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Phil Cornwell
 

Phil Cornwell had to borrow a tie for his formal interview to become Rose-Hulman's Vice President for Academic Affairs this summer. He had no need for the neck garment during his 22 years as a mechanical engineering professor.

"When I was a professor I always told my students that ties were evil and somehow cut off the creative thought processes in the brain," he jokes, taking time to playfully tug at his necktie that now has become a part of his campus wardrobe.

  Phil File
   

Cornwell is Rose-Hulman's academic visionary and cheerleader, hoping to bring support and creative ideas from alumni, corporations, foundations, and academic organizations to ensure the college remains on the cutting edge of educational innovation.

Although Rose-Hulman has taken one of its most dynamic teachers out of the classroom, it has become significantly stronger through Cornwell's leadership skills, attention to detail, charm and appreciation for the educational process.

"Phil's passion for our mission will become instrumental as we develop a better understanding of Rose-Hulman's place in the dynamically changing environment of higher education," says President Matt Branam of Cornwell's appointment in July.

Cornwell hit the ground running. He has enjoyed learning about the many exciting things happening in all academic departments across campus, contributing to the college's administrative leadership, and helping set a course for an exciting future.

"I don't know of any other college that has a clearer focus on its mission-educating its students-than we do. My job is to ensure that we always have a great mission, great faculty, and great students," Cornwell says. "The primary measure of Rose- Hulman's success should always be the success of its students."

Cornwell is one of a select group of Rose- Hulman professors to have earned the Dean's Outstanding Teacher Award and the Board of Trustees Outstanding Scholar Award. He has had the best paper and presentation in the mechanics division at five American Society of Engineering Education annual conferences. He also is a former recipient of the Society of Automotive Engineers' Ralph R. Teetor Education Award as an outstanding young engineering educator, and he received the Rose-Hulman Triangle Fraternity's Teacher of the Year Award.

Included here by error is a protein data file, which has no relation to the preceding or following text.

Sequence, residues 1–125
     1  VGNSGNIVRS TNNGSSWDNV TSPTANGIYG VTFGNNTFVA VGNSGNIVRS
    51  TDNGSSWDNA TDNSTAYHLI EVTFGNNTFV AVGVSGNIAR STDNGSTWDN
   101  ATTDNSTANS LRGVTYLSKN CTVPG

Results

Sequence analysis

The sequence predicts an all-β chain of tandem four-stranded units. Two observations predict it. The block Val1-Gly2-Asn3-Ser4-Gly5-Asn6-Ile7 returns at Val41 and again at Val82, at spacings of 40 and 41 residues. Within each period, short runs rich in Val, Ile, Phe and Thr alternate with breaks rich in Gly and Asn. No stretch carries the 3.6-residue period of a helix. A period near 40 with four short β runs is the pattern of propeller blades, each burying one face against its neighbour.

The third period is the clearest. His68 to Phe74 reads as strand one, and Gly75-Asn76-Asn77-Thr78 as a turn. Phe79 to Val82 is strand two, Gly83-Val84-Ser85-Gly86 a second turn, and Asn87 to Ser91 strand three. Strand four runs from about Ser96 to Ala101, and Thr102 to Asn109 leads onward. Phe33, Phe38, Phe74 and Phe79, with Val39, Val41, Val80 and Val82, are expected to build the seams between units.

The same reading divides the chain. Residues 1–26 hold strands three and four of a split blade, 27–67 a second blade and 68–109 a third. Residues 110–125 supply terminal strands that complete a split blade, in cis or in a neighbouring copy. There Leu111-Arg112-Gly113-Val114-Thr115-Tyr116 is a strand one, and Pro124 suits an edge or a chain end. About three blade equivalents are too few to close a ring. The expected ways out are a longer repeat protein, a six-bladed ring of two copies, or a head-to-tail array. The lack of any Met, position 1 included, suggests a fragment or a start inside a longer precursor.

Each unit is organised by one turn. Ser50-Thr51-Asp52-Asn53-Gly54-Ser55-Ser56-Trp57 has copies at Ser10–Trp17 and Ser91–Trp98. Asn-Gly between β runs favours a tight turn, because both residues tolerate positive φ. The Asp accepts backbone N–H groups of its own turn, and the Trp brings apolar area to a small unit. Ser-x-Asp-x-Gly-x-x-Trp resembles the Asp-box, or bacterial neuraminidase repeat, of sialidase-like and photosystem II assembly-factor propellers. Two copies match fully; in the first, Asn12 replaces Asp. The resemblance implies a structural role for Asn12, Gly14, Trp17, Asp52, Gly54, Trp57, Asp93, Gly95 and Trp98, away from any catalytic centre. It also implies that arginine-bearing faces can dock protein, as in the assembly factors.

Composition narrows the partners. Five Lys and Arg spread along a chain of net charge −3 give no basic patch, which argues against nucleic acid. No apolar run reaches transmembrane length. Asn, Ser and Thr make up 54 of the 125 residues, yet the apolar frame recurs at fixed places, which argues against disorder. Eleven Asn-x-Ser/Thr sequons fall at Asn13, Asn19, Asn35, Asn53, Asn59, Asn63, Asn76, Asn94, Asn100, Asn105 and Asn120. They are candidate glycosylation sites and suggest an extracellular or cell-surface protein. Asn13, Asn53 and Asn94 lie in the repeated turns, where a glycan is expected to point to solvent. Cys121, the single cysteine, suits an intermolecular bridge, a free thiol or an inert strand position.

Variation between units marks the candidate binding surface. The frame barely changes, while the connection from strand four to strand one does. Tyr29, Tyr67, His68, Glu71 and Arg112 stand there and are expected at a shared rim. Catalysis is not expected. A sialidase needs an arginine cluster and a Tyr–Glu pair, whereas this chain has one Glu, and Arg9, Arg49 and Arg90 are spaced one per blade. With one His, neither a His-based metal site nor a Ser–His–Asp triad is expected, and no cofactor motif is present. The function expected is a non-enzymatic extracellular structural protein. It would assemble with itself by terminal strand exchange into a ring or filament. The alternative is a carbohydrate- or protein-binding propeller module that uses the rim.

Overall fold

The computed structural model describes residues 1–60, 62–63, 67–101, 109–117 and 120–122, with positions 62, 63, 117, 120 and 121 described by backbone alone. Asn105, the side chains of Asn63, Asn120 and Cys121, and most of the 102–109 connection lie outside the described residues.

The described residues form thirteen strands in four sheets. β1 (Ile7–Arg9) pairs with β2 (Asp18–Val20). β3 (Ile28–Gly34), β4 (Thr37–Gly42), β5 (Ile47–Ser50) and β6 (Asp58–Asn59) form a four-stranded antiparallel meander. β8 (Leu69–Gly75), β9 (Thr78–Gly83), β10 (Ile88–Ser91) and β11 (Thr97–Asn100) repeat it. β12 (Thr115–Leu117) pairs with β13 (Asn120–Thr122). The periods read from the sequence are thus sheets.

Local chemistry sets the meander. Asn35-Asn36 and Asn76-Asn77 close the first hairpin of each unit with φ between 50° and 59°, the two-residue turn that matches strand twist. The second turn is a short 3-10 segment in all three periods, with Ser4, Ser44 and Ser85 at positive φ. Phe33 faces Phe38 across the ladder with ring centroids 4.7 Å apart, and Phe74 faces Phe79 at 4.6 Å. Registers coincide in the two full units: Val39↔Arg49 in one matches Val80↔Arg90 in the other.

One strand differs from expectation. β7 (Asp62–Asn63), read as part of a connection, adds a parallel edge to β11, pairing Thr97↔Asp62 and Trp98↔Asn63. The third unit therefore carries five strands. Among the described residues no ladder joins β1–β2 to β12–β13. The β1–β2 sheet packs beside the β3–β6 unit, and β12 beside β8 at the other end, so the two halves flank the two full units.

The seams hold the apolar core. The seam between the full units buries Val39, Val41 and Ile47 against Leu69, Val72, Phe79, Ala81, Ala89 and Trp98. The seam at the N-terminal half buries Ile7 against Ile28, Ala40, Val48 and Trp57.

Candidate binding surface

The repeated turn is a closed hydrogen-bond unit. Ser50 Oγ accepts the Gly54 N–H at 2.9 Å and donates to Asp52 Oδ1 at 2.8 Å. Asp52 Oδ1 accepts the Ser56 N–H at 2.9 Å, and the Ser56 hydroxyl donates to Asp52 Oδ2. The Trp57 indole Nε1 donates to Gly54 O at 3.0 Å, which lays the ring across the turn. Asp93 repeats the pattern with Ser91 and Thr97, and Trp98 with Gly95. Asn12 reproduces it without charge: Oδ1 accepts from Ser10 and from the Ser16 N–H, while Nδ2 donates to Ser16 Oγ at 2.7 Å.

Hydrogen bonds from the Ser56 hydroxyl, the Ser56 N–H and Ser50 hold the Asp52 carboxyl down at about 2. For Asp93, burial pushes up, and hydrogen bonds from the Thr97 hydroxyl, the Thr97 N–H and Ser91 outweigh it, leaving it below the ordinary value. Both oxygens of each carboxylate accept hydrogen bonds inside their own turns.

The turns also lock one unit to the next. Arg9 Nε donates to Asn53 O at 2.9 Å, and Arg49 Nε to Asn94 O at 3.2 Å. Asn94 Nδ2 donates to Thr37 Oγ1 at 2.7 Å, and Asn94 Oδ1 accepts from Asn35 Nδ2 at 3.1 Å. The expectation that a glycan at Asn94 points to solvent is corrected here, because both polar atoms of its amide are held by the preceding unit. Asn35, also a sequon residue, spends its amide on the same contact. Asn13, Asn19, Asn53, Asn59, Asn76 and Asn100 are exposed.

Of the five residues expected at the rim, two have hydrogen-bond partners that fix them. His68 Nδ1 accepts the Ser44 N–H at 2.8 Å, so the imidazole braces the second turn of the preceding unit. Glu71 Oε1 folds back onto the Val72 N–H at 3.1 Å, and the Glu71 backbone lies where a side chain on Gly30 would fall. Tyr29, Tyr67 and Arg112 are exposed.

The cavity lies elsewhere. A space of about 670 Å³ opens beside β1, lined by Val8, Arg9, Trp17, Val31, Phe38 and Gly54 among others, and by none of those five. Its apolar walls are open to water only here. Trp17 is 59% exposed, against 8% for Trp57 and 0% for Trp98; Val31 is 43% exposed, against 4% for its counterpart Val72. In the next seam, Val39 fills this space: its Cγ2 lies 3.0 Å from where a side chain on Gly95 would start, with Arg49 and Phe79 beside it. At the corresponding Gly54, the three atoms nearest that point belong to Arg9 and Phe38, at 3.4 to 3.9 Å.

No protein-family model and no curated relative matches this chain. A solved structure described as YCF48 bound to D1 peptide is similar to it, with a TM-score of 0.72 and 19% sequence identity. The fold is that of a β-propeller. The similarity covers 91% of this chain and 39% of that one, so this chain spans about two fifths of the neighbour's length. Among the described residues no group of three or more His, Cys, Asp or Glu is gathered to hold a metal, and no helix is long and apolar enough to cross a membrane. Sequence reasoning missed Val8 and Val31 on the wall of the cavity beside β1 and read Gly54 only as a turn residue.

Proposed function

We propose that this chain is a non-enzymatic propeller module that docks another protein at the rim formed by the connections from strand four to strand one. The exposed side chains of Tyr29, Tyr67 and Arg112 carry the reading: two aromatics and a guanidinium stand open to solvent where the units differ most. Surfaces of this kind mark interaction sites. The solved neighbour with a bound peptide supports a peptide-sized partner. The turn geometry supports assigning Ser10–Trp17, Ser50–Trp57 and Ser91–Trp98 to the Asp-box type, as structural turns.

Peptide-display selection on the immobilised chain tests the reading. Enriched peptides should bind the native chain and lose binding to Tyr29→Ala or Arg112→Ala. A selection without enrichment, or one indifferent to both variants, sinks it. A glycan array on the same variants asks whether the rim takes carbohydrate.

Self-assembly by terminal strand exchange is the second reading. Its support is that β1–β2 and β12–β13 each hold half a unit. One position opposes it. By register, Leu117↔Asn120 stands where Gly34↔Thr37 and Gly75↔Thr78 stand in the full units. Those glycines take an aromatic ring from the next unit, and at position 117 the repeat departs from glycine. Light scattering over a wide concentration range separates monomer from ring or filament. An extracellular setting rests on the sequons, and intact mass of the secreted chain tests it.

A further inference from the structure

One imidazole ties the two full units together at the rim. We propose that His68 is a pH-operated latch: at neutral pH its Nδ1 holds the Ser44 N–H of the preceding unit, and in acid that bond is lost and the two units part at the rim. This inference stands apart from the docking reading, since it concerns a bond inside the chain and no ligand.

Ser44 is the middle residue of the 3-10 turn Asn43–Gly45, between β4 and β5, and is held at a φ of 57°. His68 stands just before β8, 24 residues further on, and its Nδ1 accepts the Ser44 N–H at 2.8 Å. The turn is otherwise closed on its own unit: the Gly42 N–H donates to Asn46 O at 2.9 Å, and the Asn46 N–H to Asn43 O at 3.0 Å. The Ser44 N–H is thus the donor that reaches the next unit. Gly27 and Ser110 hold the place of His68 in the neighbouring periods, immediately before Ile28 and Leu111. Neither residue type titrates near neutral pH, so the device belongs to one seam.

"I miss teaching and the first day of classes this year was a sentimental time for me," he says. "However, I am ready and looking for a new challenge.

"Becoming vice president seemed to be a great opportunity to help the school in a larger role. I'm committed to keeping us on the cutting edge of educational horizons and being a leader in engineering education," he says.

Cornwell believes that the college needs to have a broader impact on undergraduate engineering, science, and math education through innovation, cross-disciplinary projects, sustainability awareness, and leadership development.

"We produce excellent engineers, mathematicians, and scientists. But the world is changing. Our students need to have a better understanding of the global economy and the international nature of business," he said. "We need to help our students be those innovators that make a difference in the future. So, while the basic technical skills that we teach are always going to be important, there are other aspects of a Rose-Hulman education such as international experiences and business acumen that we need to strengthen.

"One of our key challenges as educators is to help our students be lifelong learners. We teach our students a lot of subjects, and we give them lots of great handson and project experiences. However, we need to be more deliberate in how we teach them how to learn. We also need to help them develop even stronger communication and leadership skills than we already do for them to be successful in a highly competitive marketplace," he says.

Cornwell is encouraged by the state-ofthe- art products being developed at Rose- Hulman Ventures. He sees the opening of the Student Innovation Center and the Home for Environmentally Responsible Engineering program as new initiatives that will help pave the way for Rose- Hulman's bright future.

"There's a lot of excitement about the future on campus," he said. "If you're interested in undergraduate engineering, science and math education, this is The Best place to be in the whole world. This is the place where things are happening. If anyone can figure out how to do things better, it will be us." ■